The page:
Brendan Schaub: 'Matt Mitrione Has a Fragile Ego' and Couldn't Handle Trash Talk

Damon Martin@@DamonMartinContributor ISeptember 18, 2013

INDIANAPOLIS, IN - FEBRUARY 02:  UFC athlete Brendan Schaub attends EA SPORTS Madden Bowl kicks off the Bud Light Hotel at the Bud Light Hotel on February 2, 2012 in Indianapolis, Indiana.  (Photo by Stephen Lovekin/Getty Images for Bud Light)
Stephen Lovekin/Getty Images

During The Ultimate Fighter 10, former pro football-players-turned-fighters Brendan Schaub and Matt Mitrione became fast friends.

The two competitors didn't have as much experience as some of the other fighters in the show, and—given their similar backgrounds in football—it made all the sense in the world that they would bond while trapped in the house together for six weeks.

Both Schaub and Mitrione made it past the reality show and into the UFC, where they remained friends. While both were competing in the heavyweight division, there was no rule that said they couldn't stay on good terms and even help each other if the work was ever needed.

Their relationship changed dramatically a few months ago, when Schaub and Mitrione were matched up at the time to meet at UFC on Fox 8 in Seattle. When the fight was first announced, Schaub admitted that it would be tough to fight Mitrione, but this was only business. They'd be friends before the fight, and friends again after it was over.

Maybe it was good-natured fun in the beginning, but Mitrione started firing shot after shot at Schaub. He took jabs at his chin, accused him of not engaging with an opponent in a jiu-jitsu match, and called him boring along the way.

This is all after Mitrione tweeted that Schaub looked like 'Adam Sandler f—ked Corky from Life Goes On.'

Schaub only replied once over the course of the Twitter battle, but it was right at Mitrione's wheelhouse when he said 'I might look like Adam Sandler/Corky mix, your wife when we did appearances together sure seemed to like it. How's that going by the way?'.

The response only served to enrage Mitrione, who then went on a long diatribe aimed at Schaub via Twitter.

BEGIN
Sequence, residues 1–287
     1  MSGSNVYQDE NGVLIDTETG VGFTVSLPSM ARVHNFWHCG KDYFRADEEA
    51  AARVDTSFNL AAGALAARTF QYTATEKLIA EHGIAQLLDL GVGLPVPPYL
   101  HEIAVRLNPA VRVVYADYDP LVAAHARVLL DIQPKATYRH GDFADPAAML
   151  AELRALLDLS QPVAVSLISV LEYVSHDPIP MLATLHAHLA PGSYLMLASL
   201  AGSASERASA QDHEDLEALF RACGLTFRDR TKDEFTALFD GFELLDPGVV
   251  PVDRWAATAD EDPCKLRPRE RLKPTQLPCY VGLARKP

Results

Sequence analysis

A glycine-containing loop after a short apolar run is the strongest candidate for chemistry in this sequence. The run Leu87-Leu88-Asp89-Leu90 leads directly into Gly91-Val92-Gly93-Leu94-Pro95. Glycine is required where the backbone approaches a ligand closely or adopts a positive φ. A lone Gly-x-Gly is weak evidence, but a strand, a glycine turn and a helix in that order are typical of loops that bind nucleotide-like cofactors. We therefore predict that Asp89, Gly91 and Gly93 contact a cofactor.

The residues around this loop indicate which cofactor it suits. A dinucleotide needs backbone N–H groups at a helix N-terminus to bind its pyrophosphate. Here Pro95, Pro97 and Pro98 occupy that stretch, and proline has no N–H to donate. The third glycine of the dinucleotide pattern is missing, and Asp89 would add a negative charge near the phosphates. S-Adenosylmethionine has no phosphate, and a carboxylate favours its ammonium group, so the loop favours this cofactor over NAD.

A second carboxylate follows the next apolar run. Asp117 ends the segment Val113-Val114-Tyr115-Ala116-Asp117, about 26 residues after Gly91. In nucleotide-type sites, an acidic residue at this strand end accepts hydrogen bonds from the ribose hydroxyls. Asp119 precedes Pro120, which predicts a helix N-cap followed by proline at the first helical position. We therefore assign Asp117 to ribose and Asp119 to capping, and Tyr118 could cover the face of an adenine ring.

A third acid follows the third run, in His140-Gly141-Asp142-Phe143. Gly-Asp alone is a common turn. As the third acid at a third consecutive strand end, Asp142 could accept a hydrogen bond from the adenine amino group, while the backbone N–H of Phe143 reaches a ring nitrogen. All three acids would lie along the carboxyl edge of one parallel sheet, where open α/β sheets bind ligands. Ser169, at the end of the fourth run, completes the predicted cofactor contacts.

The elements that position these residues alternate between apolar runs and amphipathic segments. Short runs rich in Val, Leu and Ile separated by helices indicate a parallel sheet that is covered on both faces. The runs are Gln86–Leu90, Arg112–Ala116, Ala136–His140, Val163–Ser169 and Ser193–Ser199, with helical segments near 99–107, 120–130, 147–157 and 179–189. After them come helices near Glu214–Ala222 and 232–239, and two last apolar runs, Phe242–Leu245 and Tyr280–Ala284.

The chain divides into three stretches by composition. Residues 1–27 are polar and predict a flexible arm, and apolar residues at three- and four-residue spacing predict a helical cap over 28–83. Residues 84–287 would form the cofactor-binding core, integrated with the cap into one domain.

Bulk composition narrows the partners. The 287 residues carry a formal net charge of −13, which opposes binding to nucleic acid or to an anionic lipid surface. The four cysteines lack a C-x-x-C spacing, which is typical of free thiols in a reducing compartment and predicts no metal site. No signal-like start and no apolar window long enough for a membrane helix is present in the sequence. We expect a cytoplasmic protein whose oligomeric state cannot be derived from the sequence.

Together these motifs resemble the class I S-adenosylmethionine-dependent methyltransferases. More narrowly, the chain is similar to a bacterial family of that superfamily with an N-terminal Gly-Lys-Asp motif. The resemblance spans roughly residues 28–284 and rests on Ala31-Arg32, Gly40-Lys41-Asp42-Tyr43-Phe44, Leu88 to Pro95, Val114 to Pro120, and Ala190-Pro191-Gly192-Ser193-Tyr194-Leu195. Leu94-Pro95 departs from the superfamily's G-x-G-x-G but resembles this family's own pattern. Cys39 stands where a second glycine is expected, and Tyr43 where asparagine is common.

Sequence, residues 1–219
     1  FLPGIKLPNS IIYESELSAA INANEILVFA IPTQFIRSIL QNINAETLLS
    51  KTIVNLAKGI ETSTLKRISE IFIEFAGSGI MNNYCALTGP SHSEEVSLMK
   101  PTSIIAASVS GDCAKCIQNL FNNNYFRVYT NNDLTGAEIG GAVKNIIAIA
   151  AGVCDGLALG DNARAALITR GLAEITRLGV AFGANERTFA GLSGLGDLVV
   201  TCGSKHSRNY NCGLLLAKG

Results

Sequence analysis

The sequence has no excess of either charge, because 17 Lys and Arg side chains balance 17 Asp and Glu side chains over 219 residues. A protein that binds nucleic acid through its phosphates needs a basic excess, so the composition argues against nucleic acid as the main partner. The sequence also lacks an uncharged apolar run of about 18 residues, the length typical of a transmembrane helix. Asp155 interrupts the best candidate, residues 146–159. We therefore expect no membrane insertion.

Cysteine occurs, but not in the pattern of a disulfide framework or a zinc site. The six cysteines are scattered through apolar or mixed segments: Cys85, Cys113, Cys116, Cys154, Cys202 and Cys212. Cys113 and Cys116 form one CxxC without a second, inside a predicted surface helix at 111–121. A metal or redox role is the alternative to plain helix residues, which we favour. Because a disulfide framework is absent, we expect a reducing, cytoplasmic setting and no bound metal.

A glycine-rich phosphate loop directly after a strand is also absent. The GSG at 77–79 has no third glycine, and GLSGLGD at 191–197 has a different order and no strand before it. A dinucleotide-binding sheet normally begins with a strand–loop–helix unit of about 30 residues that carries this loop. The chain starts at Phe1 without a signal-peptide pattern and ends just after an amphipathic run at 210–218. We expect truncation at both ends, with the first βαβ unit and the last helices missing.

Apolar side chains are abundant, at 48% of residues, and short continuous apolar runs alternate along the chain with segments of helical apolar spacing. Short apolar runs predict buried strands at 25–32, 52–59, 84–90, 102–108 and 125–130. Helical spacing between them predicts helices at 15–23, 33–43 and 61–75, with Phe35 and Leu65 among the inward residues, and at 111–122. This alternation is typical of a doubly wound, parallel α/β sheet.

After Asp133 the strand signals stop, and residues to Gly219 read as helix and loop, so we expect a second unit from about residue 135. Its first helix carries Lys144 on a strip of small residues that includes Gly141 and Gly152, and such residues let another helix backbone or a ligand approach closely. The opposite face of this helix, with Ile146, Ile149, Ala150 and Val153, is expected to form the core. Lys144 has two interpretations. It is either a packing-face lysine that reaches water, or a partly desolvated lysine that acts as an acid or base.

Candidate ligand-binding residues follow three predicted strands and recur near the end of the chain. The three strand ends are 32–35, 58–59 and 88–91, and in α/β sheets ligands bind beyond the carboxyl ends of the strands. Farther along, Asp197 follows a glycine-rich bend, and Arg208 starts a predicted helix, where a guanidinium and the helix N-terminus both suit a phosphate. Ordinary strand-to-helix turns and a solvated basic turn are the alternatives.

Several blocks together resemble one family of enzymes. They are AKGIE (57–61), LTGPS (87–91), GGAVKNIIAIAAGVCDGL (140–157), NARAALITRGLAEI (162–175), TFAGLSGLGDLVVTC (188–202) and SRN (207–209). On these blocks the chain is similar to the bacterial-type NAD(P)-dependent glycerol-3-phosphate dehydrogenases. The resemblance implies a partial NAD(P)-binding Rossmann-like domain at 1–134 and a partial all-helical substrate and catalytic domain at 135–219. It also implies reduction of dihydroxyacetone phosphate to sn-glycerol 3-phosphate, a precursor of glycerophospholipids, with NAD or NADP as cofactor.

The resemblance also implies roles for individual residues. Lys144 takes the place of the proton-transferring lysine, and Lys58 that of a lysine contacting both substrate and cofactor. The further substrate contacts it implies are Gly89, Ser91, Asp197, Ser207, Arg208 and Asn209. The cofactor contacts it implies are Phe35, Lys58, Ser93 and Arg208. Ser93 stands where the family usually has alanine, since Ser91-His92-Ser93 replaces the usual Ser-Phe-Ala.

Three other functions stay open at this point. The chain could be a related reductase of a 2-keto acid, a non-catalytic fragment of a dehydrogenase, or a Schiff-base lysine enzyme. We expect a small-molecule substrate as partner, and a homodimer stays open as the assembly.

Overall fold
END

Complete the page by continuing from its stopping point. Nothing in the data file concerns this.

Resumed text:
Their fight at UFC on Fox 8 never ended up happening because Mitrione suffered an injury leading up to the bout, but the promotion quickly moved to reschedule the two heavyweights for UFC 165, which takes place this weekend.

Since that June Twitter altercation, Schaub says that he's had no contact with Mitrione, and doesn’t plan on extending the olive branch any time soon.

"No, still haven't talked to him," Schaub said. "He took it personal and fighting is personal. People think it's fake. Me and Matt because of this don't talk anymore. After the fight is it going to be different? Maybe. I really don't care. I have one objective and that's to beat and destroy Matt Mitrione Sept. 21. That's all I care about.

"As far as my feelings getting hurt or his feelings getting hurt, that's all out the window. Matt's just another opponent."

Many fighters refuse to face friends or teammates because of situations that arise just like the one Schaub had with Mitrione. What starts out as a friendly rivalry soon drops the friend part and just becomes a personal battle.

For his part, Schaub has no regrets about anything he said towards Mitrione. His concern is winning and putting on an exciting performance, and he really doesn't care much about Mitrione's feelings.

"I think he got butt hurt and Matt has a fragile ego," Schaub said. "Listen, if you're going to talk trash you've got to be willing to receive it as well. He just didn't do well with that so we don't talk at all anymore and we'll settle it in the Octagon."

When the fight is over, Schaub will almost certainly shake Mitrione's hand whether he wins or loses, but it's not likely these two heavyweights will ever go back to the way they were before the UFC pitt them against one another in a fight.

Schaub is fine with that scenario—he's not crying himself to sleep at night because he misses Mitrione.

"I have enough friends," Schaub said. "I'm not too worried about people's feelings getting hurt because hyping a fight or something like that is how I make my livelihood. As long as I get the win, I do not care what happens.

"I'll offer him some coffee or a protein shake on me after the fight, but it's up to him where it goes from there."

Damon Martin is a Featured Columnist for Bleacher Report and all quotes were obtained firsthand unless otherwise noted.